The Obama administration is not different from Bush's. When Obama gave his much talked about speech at Cairo University, very few people took him seriously. They were proven right only last week when he held the white flag before Netanyahu upon the latter's visit to the White House. Israel is still expanding its settlements, ethnically cleansing Jerusalem, besieging Gaza, killing Palestinians and Internationals with the full support of the Obama administration. Obama never had a single word of sympathy with the murdered children and starving women of Gaza. The only difference between Obama and Bush, when it comes to Palestine, is only in style, not substance.

Do you believe the Arab and Muslim governments supported the Palestinian people against Israel all they should?

A defeatist attitude governs the official Arab regimes. The idea of an invincible Israel and the constant fear and need to satisfy the US are prevalent. The organization of Islamic conferences along with the Arab league have failed the Palestinian people and failed to put an end to this deadly siege. The mainstream and dominant political discourse in the Arab world is to make peace with Israel, no matter what this entails.

What is the importance of the BDS campaign (Boycott, De-invest, and Sanctions) to isolate Israel? Why is it important to establish a link between Israel and South African apartheid?

Our BDS campaign is modeled on the South African boycott campaign. Its importance emanates from the fact that there is a huge power imbalance between Israel and the Palestinians, similar to the imbalance between the apartheid regime and anti-apartheids campaign. The international community was called on to intervene and live up to its responsibilityagainst the racist regime. We expect the same. In the mid-70's an UN resolution considered apartheid a crime against humanity. Israel is an apartheid state that discriminates against the 1.2 million Israelis of Palestinian descent. But the 2005 Palestinian call for BDS called also for the end of the military occupation and colonization of the 1967 areas and the return of refugees in accordance with UN resolution 194. In other words, the importance of the BDS emanates from the fact that it is a rights-based campaign and the fact that it addresses ordinary people all over the world, represented by civil society, to live up to their moral responsibility. The campaign is democratic, secular, inclusive and universal. It worked against the apartheid regime, and it is working now against apartheid Israel.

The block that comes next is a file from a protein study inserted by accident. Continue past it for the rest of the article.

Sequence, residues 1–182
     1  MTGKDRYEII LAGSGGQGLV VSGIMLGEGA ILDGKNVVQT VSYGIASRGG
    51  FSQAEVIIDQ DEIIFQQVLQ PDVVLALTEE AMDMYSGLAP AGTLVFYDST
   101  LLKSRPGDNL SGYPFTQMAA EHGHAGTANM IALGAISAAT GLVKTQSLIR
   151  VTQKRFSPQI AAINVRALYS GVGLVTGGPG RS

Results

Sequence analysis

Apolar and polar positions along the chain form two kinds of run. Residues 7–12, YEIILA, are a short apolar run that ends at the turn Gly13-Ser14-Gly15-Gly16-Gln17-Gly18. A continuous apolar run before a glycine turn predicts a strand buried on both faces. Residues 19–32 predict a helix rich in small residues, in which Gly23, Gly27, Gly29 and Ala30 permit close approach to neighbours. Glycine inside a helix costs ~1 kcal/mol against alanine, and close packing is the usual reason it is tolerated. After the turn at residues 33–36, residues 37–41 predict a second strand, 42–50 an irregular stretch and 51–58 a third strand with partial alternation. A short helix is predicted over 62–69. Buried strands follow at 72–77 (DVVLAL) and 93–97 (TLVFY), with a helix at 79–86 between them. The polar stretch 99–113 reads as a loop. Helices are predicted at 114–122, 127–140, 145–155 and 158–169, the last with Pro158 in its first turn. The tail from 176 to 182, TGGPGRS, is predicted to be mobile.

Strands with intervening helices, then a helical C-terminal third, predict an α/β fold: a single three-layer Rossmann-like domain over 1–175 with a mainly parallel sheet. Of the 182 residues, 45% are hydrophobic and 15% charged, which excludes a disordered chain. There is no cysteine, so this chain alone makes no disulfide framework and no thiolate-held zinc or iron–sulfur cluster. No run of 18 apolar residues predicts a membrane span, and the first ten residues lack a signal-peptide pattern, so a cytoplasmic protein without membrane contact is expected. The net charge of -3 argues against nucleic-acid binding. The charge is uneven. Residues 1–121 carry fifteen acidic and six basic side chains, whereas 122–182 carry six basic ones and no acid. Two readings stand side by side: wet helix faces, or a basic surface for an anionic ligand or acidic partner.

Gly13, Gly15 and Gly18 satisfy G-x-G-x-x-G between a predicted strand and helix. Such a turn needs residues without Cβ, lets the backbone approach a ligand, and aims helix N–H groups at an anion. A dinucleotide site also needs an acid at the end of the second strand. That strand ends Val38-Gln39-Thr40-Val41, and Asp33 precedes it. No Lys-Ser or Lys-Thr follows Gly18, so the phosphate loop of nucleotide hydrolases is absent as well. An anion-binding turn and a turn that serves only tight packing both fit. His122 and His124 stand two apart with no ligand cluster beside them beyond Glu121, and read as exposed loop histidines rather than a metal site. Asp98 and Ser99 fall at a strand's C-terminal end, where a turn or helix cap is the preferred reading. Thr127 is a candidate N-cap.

What is your view of the PNA? And of the political forces on the left such as PFLP and DFLP?

The PNA is the product of the Oslo Accords, which were signed in 1993 in betrayal of the aspirations of the Palestinian people. The PLO recognized Israel, whereas the latter refused to recognize the Palestinian people's right to an independent state. Oslo gave the wrong impression that there are two equal parties fighting for border adjustments. Israel managed to get rid of the responsibility of administering heavily populated areas in the West Bank and Gaza, and has kept total control over the land, air and sea. Israeli occupation forces were redeployed and never withdrew.

The Oslo accords led to the creation of a neo-colonial administration at the expense of the PLO; an administration that does not have real power in spite of the flag, the national anthem, the presidencies, premierships and ministries: all mean absolutely nothing except a perpetuation of the occupation, but in a different gown. After 17 years of the "peace industry", Gaza has been transformed into a large open-air prison, a concentration camp a la Auschwitz and Warsaw, and the West Bank has been sliced into three major Bantustans—but with no sovereignty whatsoever.

The most dangerous outcome of Oslo is that it has managed to pacify the Palestinian Left. Nothing is left of Palestinian Left! Most left-wing activist, and I mean the hard-core here, have been NGOized. This process of NGOization, interrelated with Osloization, aims at washing out any revolutionary consciousness that the left is supposed to safeguard and replace it with false consciousness characterized by a new discourse about "empowerment of the disfranchised, projects, proposals, culture of peace, negotiations…etc".

Saturday, 31 July 2010

Austrian Armed Forces Advance Training - Day Two

Modular Period Three - Native Challenge

Austrian Armed Forces Advance Training - Day Two

Students in self-defense training

Just imagine for a moment, you are on a peacekeeping operation and you are confronted with one of these scenarios or situations: a planned or spontaneous negotiation with armed forces or militant groups, positioned in a dangerous mine location, entering into a building with explosive booby traps or stopped at a checkpoint. After that, you are held at gunpoint by a child soldier or member from a dangerous group and then kidnapped. What would you do? In reality, depending on the situation, one wrong decision may cause you to lose your life or a bodily limb; one wrong choice may put your life in jeopardy.

Students of this semester embarked on a journey, which went beyond creating these mental images. Rather, they were introduced to relevant theoretical knowledge by the military force on how to approach such situations. Simulations were also staged by the facilitators to allow students to use the knowledge gained in these and other situations.